I love the laser-focused study necessary to draft a review of a collection, but don’t think my reviews are “there” yet; not quite consistently capturing the spirit of the work. It is funny that the review I think I nailed best got amongst my fewest views.
I wonder sometimes, who’s reading this? I’m confident at least that my Writer-Poet-Sister Friend Mabel Ferragut Smith reads these posts. She’s taking a break from blog posting while working on her novel now. I was honored to be a Beta reader and it’s fantastic! (More about that in a future post.) For a while, we’d read each other’s posts, and that was enough. A wonderful partnership! And her posts often inspire me. In addition, most often, I believe my Poet friends from DiVerse Gaithersburg, Serena Agusto-Cox and Luther Jett read my posts. That’s plenty of a valuable audience. Add to that, in response to critical feedback, Beth Riley has been editing my work. Not only is she a great Friend and powerful singer for the band SR3, but an astute copy editor with a wonderful command of language! She’s direct, honest, and doesn’t mind if I don’t take all her advice. She’s become an essential part of my process. She’s also given me valuable feedback on how I play my original songs, which has me entirely rethinking my approach to playing guitar. It’s coming along and I think much better thanks to her.
A couple of my other favorite posts were the one in which I shared about my Writing Fort and the piece I drafted on Cancel Culture. The Writing Fort post inspired many great conversations with Poets about space and solitude for writing. The Cancel Culture post keeps me off Twitter. It was difficult to research and write with many pieces and personalities involved and, while I enjoyed the process of that one less than most, I’m glad to have it under my belt.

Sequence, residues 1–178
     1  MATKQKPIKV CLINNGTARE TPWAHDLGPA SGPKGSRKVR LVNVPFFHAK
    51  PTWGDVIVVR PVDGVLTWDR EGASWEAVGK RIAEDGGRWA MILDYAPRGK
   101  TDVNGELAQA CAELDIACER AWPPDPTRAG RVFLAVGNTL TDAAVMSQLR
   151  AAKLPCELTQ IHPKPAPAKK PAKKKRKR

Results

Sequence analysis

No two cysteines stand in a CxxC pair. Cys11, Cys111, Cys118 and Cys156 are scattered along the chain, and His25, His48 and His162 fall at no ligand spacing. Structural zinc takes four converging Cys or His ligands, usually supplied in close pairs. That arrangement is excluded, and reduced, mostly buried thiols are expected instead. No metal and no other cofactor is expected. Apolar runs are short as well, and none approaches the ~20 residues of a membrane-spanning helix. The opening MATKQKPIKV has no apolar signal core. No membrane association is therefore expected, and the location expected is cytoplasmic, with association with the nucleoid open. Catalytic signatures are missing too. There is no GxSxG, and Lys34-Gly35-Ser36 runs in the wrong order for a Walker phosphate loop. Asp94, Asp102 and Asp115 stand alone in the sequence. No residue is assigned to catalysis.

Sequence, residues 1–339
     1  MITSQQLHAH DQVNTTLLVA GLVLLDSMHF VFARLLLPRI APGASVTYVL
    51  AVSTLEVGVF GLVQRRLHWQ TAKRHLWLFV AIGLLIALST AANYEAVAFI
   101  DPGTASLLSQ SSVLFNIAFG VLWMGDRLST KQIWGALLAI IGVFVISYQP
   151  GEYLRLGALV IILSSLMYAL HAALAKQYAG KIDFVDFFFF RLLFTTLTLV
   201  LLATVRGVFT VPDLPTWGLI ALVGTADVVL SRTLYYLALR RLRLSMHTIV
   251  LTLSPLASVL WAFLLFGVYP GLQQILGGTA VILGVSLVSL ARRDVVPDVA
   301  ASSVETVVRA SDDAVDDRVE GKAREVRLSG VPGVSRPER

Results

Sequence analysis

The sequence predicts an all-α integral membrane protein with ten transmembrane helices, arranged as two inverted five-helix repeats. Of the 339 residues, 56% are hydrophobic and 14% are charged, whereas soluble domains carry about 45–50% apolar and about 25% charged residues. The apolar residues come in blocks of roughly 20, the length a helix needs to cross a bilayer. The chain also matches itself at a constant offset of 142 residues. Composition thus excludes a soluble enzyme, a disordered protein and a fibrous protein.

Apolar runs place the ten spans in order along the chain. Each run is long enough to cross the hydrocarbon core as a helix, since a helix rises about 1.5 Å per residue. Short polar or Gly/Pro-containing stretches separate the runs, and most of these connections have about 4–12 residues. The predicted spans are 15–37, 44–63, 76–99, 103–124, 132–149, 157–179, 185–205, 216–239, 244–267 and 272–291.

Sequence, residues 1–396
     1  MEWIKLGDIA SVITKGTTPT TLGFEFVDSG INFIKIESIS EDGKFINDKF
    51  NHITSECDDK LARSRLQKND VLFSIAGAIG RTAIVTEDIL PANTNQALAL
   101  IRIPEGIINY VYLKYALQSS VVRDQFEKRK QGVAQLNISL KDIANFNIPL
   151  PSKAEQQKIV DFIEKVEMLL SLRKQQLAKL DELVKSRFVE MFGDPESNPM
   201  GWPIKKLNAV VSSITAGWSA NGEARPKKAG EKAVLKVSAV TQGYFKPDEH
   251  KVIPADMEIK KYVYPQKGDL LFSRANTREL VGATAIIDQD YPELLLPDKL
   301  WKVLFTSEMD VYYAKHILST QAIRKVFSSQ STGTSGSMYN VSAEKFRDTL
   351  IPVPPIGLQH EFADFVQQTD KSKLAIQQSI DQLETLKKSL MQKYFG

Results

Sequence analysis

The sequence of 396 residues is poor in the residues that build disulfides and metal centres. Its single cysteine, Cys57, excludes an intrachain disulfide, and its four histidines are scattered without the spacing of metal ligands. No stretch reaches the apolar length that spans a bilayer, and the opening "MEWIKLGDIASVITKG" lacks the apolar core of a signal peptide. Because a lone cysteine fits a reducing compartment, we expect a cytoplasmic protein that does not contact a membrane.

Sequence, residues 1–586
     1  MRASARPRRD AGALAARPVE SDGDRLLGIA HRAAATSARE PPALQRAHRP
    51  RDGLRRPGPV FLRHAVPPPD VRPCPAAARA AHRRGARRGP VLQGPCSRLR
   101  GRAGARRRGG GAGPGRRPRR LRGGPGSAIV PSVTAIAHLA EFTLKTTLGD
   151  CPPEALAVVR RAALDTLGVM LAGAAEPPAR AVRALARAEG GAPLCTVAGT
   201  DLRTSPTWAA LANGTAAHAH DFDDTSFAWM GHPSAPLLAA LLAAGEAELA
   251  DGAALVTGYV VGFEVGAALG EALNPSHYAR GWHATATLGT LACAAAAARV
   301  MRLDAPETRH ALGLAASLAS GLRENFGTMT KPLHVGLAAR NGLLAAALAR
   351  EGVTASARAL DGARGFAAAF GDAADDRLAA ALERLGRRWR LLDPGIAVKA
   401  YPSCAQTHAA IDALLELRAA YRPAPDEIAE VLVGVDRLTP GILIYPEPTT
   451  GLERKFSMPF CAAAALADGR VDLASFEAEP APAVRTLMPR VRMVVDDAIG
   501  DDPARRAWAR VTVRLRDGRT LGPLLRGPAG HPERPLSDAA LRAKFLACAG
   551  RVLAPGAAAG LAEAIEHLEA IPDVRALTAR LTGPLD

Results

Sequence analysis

I’m not sure where this blog may take me in the months to come. I got an email from someone with whom I’m unfamiliar asking if I might want to review a poetry collection that sounds beautiful. I got the free book in the mail today. There’s a great perk to doing this work! I will also likely blog about hosting a poetry reading series — such a unique experience. And will likely write more about music, as my inspiration steadily pulls me in that direction. Drop a line to say “hi” if so inclined. I’d love to know who else is here. And let me know if there’s anything you’d be interested in me addressing, researching, or ranting about. I’m always on the look out for material. Thanks! All the best to you and thanks for reading!